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An experimental manipulation of rejection: Effects on children's attitudes and mood depend on rejection sensitivity and relationship history

Authors

  • Melanie J. Zimmer-Gembeck,

    Corresponding author
    1. School of Applied Psychology and Griffith Health Institute, Behavioural Basis of Health, Griffith University, Gold Coast, Queensland, Australia
    • Correspondence: Melanie J. Zimmer-Gembeck, PhD, School of Applied Psychology and Griffith Health Institute, Behavioural Basis of Health, Griffith University, Brisbane, QLD 4222, Australia. Email: m.zimmer-gembeck@griffith.edu.au

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  • Drew Nesdale,

    1. School of Applied Psychology and Griffith Health Institute, Behavioural Basis of Health, Griffith University, Gold Coast, Queensland, Australia
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  • Jade Fersterer,

    1. School of Applied Psychology and Griffith Health Institute, Behavioural Basis of Health, Griffith University, Gold Coast, Queensland, Australia
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  • Jasmine Wilson

    1. School of Applied Psychology and Griffith Health Institute, Behavioural Basis of Health, Griffith University, Gold Coast, Queensland, Australia
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Abstract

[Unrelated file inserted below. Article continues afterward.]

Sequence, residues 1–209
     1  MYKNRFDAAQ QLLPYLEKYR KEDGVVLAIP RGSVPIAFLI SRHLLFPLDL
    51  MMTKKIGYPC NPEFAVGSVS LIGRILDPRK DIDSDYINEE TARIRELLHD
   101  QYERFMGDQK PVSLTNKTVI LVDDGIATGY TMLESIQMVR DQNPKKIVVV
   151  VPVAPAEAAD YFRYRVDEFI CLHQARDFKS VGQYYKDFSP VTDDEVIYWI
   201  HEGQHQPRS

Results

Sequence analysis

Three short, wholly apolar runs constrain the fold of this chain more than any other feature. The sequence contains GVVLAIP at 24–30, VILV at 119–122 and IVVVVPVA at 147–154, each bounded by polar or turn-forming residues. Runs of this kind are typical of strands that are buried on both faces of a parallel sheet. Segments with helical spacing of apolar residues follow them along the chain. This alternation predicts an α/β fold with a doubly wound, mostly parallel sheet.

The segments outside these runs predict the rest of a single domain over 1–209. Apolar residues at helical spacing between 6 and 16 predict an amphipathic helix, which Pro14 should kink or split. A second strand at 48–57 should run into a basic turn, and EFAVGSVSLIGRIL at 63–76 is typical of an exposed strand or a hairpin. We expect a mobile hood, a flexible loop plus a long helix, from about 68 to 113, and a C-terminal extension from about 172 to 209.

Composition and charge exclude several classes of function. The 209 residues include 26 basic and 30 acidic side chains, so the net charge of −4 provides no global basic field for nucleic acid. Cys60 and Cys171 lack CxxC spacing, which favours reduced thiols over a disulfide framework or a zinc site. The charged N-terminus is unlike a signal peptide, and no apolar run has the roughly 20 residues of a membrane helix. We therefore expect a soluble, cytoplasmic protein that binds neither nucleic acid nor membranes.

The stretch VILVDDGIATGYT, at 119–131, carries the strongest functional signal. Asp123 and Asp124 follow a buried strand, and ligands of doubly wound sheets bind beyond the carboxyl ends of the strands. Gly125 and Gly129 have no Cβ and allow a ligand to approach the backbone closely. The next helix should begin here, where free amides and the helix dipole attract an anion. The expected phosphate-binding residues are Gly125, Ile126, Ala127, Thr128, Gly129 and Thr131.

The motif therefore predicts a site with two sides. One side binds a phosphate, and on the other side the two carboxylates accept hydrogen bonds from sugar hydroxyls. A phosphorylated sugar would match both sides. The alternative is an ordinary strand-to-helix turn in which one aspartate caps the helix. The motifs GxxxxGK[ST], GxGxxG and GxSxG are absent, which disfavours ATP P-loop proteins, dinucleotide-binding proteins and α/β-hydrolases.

Guided by rejection sensitivity (RS) theory, the objective of this study was to test whether children's RS was associated with elevated negative emotional responses (less positive in-group attitudes and more negative mood) following an episode of overt peer rejection or ambiguous rejection, in comparison to acceptance. Also, the role of children's self-reported history of peer acceptance was examined. Participants were 206 children (7–11 years) who were randomly assigned to experience rejection, ambiguous rejection, or acceptance in a group simulation study. Children's group liking and negative mood depended on the 3-way interaction of experimental condition, RS and children's history. In the ambiguous condition, as expected, children with higher RS reported more negative mood, and this did not differ in low compared to high accepted children. However, RS was only associated with less positive group attitudes among high accepted children in the rejection condition, and RS was associated with more negative mood among low accepted children only (in both conditions). Findings show the relevance of RS for elevated negative mood when rejection threat is ambiguous, and the combined role of RS and social history in children's emotional responses when situations are less ambiguous.

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